Funeral services will be held at the Woodside Chapel of Crippen and Flynn Funeral Home in Redwood City, Calif., on Tuesday, June 15, at 11 a.m. Interment will follow at Skylawn Memorial Park in San Mateo, Calif.
A full obituary will run in the June 16 edition.
- Police Log, Jan. 5 to 15
- Sheriff Log, Jan. 8 to 14
- Gorge Owned, contractors team up for incentives
- Ninth ‘Death Café‘ scheduled for Jan. 25
- ‘Death: An Oral History’ comes to library Jan. 28
- ‘Bowl for Kids’ Sake’ March 11
- Letters to the editor for Jan. 21
- Red Cross: Winter weather causes harmful shortage of needed blood supply
- Free Conversation Project discussions start Feb. 11
- Editor’s Notebook: Let’s hold a confab to sorta break the ice
Parkdale third graders sing "12 Disaster Days of Christmas"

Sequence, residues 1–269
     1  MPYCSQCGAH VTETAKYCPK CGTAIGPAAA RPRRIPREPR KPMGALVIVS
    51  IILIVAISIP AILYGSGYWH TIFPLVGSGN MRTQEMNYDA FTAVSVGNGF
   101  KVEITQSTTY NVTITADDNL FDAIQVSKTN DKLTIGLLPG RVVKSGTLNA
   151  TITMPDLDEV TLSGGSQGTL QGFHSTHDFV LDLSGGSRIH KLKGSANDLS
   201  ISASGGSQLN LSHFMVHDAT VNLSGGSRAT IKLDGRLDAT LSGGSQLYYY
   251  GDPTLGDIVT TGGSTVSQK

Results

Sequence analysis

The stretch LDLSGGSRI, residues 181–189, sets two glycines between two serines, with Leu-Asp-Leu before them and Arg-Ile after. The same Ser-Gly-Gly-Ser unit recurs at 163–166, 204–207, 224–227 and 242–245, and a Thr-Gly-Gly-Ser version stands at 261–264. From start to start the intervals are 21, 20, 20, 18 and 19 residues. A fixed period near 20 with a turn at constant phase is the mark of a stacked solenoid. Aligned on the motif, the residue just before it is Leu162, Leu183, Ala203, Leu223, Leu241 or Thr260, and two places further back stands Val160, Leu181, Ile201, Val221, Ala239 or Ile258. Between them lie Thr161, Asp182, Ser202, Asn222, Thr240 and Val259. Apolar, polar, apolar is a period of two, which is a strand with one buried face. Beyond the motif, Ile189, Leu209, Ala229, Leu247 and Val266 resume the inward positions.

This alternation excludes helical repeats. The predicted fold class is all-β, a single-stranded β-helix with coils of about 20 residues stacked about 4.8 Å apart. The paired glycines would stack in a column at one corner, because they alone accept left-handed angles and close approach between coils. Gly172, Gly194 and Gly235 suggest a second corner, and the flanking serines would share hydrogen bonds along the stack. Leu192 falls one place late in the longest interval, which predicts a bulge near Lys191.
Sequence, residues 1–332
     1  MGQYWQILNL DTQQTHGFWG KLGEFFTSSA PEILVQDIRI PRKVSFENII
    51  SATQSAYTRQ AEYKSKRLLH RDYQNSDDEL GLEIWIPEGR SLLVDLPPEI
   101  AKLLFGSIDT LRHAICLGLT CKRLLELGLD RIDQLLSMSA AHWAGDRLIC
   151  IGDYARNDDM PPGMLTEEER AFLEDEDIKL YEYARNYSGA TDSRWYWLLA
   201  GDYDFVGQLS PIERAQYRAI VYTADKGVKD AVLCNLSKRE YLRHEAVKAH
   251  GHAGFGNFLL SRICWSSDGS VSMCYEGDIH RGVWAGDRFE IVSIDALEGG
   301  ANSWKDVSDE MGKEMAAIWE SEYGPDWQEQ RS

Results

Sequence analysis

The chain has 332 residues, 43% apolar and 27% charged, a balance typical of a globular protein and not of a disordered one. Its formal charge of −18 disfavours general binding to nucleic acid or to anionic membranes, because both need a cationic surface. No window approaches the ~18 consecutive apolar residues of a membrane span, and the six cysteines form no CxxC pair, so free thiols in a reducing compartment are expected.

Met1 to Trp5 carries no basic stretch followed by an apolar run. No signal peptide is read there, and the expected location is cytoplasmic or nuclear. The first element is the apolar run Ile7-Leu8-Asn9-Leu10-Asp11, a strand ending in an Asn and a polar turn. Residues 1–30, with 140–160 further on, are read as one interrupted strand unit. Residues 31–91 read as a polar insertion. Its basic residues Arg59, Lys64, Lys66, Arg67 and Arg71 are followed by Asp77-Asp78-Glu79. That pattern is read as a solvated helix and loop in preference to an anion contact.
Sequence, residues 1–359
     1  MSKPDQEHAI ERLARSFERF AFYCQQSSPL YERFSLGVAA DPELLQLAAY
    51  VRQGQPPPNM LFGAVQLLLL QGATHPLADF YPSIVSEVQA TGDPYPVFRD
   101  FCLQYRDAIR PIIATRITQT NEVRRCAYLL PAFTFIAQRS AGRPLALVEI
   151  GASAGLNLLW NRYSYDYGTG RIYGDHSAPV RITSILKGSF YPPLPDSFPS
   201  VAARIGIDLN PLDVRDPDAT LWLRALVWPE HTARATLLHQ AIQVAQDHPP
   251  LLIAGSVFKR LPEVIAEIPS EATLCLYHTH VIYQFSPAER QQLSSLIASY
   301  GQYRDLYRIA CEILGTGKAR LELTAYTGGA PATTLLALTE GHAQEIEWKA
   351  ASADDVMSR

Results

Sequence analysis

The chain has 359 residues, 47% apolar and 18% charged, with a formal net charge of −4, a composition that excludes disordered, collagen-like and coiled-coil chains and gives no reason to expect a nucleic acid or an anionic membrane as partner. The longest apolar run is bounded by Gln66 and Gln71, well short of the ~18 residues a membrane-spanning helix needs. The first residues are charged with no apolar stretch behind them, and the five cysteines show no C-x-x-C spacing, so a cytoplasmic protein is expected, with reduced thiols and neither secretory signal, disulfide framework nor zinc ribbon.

Welcome to your sing-able Christmas gift list. What follows is an emergency rendition of “12 Days of Christmas” – for outfitting your home or car in case of snow storm, earthquake, flood or other emergency. Read it as a simple list, or sing it to the tune of “12 Days” – you know, as in “ … and a partridge in a pear tree…” Not to make light of it, but the song is a familiar framework for a set of gift ideas that you could consider gathering together, even if the recipient already owns items such as a bunch of coats, tire chains and flashlights. Stores throughout the Gorge are stocked up on all these items. Buying all 12 days might be prohibitive, but here are three ideas for checking any of the dozen off your list (notations follow, 1-12.) The gift items needed to stay warm, dry and safe are also coded to suggest items in your abode (A) in your car (C) or both (B). 12 Gallons of Water (A) 11 Family meals (B) 10 Cans of propane (A) 9 Hygiene bags (B) 8 Packs of batteries (A) 7 Spare coats (B) 6 Bright red flares (C) 5 Cozy blankets (B) 4 Tire chains (C) 3 Flashlights (B) 2 cell phone chargers (B) 1 And a crush-proof first aid kit (B) Price ranges? Here’s a few quotes for days Three, Two, Four and Nine: n A family gift of flashlights (three will run $15-30, Hood River Supply, Tum-A-Lum) n Cell phone chargers (two will run $30-60) n Tire chains (basic set, $30, Les Schwab, returnable if unused for the winter) n Family meals ($100 or so should cover the basics for three or four reasonably well-fed days) n The home kit should be kept in a handy place near an exit, and remember that water needs to be replenished every few months. If you have a solid first aid kit already, switch out the gift idea with “and-a-sto-o-u-t- tub-for it-all …” Otherwise, it’s a case of assembling your home or car kits and making sure all members of the family know what the resources are and how to use them (ie flares and propane). Emergency situations are at worst life-threatening, at best deeply uncomfortable if you and your family are left without power for an extended period, or traveling and find yourself in a situation where you need to wait out a storm, lengthy traffic delay, or other crisis. Notes on the 12 gift ideas: 12 – Gallons of water: that’s one per person in a four-member family to last for three days, the recommended minimum to be prepared for utility outages. 11 – Easy-open packaged goods, energy bars, dried food and nuts are good things to include for nutrition. Think of what your family of four needs for three days to stay fortified and hydrated (see number 12). Can-opener also recommended 10 – If you have a propane camping stove, keep extra fuel handy. 9 – Hygiene bags: put packaged moistened towelettes, toilet paper, and plastic ties in large garbage bags (for personal sanitation) Resource list courtesy of Hood River County Emergency Management, Barbara Ayers, manager/ 541-386-1213. The county also reminds residents to Get a Kit, Make A Plan to connect your family if separated, and Stay Informed. See www.co.hood-river.or.us to opt-in for citizen alerts. Enlarge